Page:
summary The history of computers in architectural design is very short; only a few decades; when compared to the development of methods in practical design (Gero 1983). However, the development of the user interfaces has been very fast. According to the practical observations of over one hundred architects, user interfaces are at present inflexible in sketching, although computers can make drafts and the creation of alternatives quicker and more effective in the final stages of designing (Haapasalo 1997). Based on our research in the field of practical design we would wish to stimulate a wider debate about the theory of design. More profound perusal compels us to examine human modes, pre-eminently different levels of thinking and manners of inference. What is the meaning of subconscious and conscious thinking in design? What is the role of intuition in practical design? Do the computer aided design programs apply to creative architectural sketching? To answer such questions, distinct, profound and broad understanding from different disciplines is required. Even then, in spite of such specialist knowledge we cannot hope to unambiguously and definitively answer such questions.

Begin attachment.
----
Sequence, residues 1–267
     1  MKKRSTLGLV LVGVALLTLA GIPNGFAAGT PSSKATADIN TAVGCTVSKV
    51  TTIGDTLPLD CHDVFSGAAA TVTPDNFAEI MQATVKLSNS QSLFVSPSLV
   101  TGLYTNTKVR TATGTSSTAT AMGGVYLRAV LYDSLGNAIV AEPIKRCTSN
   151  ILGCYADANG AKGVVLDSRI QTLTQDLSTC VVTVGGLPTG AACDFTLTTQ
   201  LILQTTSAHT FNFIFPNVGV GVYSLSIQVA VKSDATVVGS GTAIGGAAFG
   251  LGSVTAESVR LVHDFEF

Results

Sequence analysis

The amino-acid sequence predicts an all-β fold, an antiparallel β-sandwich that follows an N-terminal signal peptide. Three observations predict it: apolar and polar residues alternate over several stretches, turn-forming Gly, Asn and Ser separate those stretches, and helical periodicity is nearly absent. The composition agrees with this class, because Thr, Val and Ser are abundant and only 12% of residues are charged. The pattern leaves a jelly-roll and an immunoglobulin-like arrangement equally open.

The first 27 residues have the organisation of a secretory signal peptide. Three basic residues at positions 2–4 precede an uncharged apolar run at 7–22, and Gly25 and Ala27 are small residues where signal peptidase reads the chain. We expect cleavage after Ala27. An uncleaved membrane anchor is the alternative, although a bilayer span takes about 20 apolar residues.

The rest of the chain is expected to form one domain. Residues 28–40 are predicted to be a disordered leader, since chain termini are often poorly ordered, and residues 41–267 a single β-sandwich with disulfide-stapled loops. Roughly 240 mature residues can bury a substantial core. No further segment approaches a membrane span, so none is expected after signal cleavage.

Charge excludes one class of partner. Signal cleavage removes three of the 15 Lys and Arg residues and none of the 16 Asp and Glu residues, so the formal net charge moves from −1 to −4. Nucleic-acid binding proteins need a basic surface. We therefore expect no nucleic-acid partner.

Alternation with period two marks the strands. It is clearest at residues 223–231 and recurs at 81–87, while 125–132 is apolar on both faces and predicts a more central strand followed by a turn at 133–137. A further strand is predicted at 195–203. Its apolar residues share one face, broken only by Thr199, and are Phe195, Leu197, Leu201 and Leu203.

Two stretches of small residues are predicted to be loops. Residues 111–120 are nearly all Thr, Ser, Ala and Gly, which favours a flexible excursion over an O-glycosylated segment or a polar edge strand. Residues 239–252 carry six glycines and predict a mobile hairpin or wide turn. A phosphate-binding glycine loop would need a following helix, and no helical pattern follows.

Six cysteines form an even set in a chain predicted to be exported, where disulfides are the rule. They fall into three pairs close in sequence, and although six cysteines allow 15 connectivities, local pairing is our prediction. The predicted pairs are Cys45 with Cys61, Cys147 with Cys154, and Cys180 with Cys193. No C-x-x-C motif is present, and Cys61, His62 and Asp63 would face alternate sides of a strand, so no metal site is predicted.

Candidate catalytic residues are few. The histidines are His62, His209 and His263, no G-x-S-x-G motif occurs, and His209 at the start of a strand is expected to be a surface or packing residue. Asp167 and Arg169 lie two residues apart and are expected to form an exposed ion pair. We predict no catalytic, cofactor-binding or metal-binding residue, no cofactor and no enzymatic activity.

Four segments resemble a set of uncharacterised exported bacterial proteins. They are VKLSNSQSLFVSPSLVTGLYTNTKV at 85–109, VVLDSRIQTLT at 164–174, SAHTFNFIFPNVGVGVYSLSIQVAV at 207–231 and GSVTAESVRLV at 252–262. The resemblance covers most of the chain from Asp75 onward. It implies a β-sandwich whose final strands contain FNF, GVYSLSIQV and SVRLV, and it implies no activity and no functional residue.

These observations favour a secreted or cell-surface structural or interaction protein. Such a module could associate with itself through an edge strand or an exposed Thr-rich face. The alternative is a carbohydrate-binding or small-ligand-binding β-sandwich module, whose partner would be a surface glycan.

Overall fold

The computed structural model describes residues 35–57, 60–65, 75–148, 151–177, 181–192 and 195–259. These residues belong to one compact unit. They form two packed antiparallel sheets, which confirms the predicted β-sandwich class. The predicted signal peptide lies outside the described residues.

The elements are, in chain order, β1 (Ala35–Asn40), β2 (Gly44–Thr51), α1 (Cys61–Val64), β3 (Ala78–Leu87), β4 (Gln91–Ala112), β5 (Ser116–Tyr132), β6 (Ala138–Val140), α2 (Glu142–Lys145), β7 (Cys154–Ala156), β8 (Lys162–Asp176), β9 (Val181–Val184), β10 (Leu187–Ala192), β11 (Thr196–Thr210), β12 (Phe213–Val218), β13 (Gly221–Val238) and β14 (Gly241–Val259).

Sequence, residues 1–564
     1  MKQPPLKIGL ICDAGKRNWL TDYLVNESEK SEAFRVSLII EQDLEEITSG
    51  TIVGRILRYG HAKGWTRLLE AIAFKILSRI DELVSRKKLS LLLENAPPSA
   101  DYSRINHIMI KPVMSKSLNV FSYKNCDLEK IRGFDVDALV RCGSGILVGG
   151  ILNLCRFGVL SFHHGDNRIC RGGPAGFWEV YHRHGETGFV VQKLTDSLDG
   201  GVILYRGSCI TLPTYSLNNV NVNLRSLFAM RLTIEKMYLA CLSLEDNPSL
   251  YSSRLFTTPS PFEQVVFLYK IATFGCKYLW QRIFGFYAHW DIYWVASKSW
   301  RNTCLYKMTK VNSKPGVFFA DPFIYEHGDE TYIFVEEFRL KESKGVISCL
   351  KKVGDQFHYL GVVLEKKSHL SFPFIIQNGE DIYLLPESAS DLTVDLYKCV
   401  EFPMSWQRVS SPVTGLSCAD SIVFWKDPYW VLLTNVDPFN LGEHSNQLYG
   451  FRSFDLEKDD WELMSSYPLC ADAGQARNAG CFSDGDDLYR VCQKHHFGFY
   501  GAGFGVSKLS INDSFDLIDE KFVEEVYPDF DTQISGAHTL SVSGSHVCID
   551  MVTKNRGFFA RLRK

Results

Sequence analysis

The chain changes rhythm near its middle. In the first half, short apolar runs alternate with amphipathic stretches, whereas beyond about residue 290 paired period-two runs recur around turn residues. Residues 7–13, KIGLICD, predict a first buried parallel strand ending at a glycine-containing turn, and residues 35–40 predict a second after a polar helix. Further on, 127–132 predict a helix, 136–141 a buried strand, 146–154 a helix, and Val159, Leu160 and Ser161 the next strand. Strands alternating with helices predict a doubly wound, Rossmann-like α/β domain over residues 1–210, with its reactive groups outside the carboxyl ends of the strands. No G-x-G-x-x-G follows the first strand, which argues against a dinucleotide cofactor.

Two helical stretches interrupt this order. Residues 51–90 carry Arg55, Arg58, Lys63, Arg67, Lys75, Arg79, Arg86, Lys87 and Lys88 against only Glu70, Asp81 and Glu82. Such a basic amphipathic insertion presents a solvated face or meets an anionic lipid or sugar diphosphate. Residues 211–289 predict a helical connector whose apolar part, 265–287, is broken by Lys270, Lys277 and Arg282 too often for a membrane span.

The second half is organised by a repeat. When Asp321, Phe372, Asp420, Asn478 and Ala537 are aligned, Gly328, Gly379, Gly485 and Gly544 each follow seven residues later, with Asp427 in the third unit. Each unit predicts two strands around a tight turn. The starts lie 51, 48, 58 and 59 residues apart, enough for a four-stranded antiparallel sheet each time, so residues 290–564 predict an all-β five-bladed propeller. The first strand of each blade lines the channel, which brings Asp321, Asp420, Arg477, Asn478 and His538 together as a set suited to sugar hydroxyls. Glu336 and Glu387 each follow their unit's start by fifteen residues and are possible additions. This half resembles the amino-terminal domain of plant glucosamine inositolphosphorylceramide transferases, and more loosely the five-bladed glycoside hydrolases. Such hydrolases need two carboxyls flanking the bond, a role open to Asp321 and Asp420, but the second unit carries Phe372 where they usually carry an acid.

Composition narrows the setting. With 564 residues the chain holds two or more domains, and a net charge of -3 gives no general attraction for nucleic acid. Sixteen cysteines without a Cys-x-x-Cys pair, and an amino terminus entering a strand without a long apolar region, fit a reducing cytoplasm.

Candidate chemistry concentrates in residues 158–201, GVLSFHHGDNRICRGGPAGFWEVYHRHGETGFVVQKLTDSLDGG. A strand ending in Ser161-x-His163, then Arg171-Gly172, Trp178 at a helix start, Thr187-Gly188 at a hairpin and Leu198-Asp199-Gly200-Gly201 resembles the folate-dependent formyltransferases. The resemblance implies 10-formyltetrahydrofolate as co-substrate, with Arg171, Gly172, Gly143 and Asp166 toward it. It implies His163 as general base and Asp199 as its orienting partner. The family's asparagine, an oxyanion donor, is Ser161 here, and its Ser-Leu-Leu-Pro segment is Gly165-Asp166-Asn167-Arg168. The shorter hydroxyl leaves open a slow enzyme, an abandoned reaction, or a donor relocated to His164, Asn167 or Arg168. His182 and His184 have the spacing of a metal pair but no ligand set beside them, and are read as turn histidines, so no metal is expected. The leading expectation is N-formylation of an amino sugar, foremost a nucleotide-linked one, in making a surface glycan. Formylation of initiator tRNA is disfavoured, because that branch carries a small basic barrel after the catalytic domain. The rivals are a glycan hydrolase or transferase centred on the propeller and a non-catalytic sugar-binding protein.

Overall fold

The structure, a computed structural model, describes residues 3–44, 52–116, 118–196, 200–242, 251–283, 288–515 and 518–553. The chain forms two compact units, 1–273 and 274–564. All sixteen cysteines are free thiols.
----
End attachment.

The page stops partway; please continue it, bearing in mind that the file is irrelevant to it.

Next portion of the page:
keywords Creativity, Design Process, Architectural Design, Sketching, Computer Aided Design
series eCAADe
email Harri.Haapasalo@oulu.fi
more http://info.tuwien.ac.at/ecaade/proc/haapas/haapas.htm
last changed 2001/08/17 13:11

_id 1715
authors Howard, R.
year 1997
title Introduction
source Automation in Construction 6 (1) (1997) pp. 1-1